Tucking in strange bedfellows
A born-to-privileges man runs into a want-the-privileges one. Trouble followsindia Updated: Apr 16, 2010 23:40 IST
Picador Rs 405 pp 304
Towards the middle of Aatish Taseer's debut novel, The Temple-Goers, there may come a point when you stop, wonder where the story is going, and wonder if you want to follow it to its end.
If that happens, go ahead and put the book down. Make a cup of tea. And then return to the book. Because it gets better. After this, it becomes too gripping for you to even move.
But the build up is slow. At times puzzling, even though the subject of the story is made clear from the first chapter. The Temple-Goers is about a born-to-privilege Indian (coincidentally named Aatish Taseer, though the story itself is fiction) who returns to Delhi after some years abroad to find his homeland has produced a new kind of person — the want-the-privileges Indian.
He meets one of them, a gym trainer named Aakash Sharma who's trendy, image conscious and speaks perfect English. Brought together (beyond the gym, that is) when Aatish rescues Aakash from potential social embarrassment at a Page 3 party, they become friends. So Aatish, who, like many Indians of the upper classes, has that uncomfortable feeling that he isn't really part of India, enters the world of Aakash, a man born to Indianness with all its history, myth and culture, a man who is determined to get into a world like Aatish's without losing his own.
Aakash's world is not easy for Aatish to inhabit. Especially since he continues to live in his own circle at the same time. Though he is fascinated by Aakash to such an extent that the reader, just like Aatish's girlfriend Sanyogita, wonders if there's more to their relationship than friendship; though he is willing — in fact, even determined — to alienate Sanyogita and his other friends to immerse himself in Aakash's world as deeply as he can, Aatish is sometimes put off and often confused by the contradictions Aakash personifies.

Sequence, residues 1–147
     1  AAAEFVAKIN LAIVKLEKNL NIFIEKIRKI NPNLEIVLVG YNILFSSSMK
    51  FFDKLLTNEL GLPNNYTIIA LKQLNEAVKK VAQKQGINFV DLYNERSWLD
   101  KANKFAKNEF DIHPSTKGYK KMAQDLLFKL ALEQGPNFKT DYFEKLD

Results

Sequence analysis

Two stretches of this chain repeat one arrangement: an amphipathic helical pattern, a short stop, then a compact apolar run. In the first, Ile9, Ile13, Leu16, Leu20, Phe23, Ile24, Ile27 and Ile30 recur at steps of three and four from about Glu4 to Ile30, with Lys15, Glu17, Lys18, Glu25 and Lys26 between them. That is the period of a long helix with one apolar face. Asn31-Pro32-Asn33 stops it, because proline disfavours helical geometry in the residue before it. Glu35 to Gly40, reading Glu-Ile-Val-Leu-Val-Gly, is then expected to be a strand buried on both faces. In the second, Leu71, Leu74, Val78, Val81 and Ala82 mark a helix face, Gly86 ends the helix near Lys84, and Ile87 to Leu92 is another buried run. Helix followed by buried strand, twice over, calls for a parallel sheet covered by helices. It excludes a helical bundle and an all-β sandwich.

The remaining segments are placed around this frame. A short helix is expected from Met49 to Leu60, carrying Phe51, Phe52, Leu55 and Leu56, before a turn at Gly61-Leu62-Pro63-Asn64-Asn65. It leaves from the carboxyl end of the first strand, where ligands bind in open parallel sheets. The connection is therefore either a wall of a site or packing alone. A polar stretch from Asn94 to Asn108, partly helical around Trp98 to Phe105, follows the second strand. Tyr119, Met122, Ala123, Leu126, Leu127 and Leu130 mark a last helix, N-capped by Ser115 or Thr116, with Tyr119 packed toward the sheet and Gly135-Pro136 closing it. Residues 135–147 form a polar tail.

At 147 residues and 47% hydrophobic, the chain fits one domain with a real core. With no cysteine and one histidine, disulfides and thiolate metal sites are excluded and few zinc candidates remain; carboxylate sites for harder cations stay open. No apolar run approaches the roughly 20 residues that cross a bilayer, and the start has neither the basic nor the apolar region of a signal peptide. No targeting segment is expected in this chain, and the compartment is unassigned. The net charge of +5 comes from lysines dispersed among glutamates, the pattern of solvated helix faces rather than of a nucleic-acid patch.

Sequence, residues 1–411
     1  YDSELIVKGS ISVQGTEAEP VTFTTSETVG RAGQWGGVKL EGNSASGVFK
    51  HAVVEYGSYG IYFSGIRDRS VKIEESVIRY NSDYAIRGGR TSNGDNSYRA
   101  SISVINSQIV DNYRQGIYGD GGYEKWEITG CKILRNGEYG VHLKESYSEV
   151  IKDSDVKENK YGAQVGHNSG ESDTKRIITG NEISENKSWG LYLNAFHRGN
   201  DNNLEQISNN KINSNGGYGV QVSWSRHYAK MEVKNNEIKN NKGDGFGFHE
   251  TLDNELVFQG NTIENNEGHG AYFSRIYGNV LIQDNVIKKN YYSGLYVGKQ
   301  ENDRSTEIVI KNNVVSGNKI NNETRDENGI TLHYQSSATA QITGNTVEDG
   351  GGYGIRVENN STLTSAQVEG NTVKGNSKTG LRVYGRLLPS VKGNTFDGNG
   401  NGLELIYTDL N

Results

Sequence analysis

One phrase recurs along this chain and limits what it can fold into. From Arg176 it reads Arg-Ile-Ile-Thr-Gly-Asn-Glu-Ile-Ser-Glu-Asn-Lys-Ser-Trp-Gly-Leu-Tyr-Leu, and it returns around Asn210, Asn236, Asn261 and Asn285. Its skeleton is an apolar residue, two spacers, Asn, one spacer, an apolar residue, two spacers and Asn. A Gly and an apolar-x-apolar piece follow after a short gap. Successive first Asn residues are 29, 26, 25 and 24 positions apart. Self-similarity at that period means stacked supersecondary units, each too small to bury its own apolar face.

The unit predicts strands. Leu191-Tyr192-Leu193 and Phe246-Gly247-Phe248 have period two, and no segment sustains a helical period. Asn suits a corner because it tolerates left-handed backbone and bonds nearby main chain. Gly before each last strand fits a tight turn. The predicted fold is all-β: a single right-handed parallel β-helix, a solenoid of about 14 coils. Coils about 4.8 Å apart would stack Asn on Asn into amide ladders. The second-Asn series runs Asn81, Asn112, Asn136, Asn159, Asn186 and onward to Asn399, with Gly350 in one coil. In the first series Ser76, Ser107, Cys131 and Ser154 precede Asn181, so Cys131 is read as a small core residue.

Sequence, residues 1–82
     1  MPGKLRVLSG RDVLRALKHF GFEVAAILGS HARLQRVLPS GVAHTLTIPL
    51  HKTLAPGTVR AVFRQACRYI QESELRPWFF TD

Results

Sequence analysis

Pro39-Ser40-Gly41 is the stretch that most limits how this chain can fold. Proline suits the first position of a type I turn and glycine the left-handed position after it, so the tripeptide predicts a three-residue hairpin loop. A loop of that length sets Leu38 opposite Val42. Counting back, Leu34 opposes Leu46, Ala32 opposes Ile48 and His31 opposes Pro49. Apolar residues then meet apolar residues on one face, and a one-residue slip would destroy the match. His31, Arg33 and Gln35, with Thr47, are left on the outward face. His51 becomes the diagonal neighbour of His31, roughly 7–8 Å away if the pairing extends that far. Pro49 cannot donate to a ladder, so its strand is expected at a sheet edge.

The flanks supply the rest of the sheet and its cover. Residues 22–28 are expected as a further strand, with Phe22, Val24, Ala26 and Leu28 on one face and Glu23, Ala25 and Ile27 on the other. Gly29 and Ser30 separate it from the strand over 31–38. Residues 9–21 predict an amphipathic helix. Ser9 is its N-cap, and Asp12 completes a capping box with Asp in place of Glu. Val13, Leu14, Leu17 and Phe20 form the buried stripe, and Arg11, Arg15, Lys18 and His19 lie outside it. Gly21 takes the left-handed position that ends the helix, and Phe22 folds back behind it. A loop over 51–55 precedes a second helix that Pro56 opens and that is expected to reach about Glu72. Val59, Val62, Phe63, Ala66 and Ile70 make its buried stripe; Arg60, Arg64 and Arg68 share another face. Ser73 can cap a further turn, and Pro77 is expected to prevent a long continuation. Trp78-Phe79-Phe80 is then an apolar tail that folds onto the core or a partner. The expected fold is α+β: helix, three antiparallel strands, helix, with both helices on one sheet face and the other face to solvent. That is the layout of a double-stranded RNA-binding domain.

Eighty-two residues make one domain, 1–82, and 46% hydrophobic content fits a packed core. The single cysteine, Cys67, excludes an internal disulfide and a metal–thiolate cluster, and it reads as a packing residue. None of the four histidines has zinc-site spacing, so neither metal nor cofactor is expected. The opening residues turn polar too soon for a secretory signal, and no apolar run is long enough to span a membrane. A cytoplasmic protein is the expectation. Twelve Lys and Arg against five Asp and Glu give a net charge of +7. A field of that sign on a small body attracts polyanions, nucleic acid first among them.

Trendiness and image consciousness live together with Islamophobia and homophobia — both definitely untrendy in Sanyogita and Aatish's lives. Love and loyalty live together with an ambition that is everything.
Still, once he's in Aakash's world, he can't bring himself to get out. Which brings Aatish into contact with Aakash's girlfriend, Megha, from a wealthy Marwari family, and a Bollywood-like situation in which she is killed, presumably for daring to love Aakash, and Aakash is accused of the murder.
Is Aakash the killer? Or could it have been someone from Megha's family? Or someone else entirely? The chief minister of the state where the murder occurred, a small former princely state on the outskirts of Delhi, is Sanyogita's aunt, Aatish's mother's best friend. And elections are coming up. The case has to be solved — or seen to be solved. Born-to-privilege India and want-the-privileges India merge. Life's nastier realities are dealt with in the most practical, strategic, convenient manner possible, never mind any claims of principles, never mind who gets hurt.
To say that The Temple-Goers is a book that was waiting to be written is to wildly exaggerate. But it's a glimpse into a real, existing world of highly ambitious people that's often referred to in the media as an explanation for, or a cause of, new lifestyle trends, but has never really been explored.
Sacred Games: Vikram Chandra's celebrated work takes us into the dark side of Mumbai's underworld with all its cultural cliches and slangs. Truly desi.